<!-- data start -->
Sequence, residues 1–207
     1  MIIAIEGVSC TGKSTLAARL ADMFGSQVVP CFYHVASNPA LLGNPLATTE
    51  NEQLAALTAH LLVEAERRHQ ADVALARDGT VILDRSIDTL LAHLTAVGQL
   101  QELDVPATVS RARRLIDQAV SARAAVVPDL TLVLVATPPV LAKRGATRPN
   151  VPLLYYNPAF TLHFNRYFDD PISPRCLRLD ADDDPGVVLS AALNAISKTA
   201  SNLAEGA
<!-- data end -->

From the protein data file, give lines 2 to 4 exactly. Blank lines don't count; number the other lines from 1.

     1  MIIAIEGVSC TGKSTLAARL ADMFGSQVVP CFYHVASNPA LLGNPLATTE
    51  NEQLAALTAH LLVEAERRHQ ADVALARDGT VILDRSIDTL LAHLTAVGQL
   101  QELDVPATVS RARRLIDQAV SARAAVVPDL TLVLVATPPV LAKRGATRPN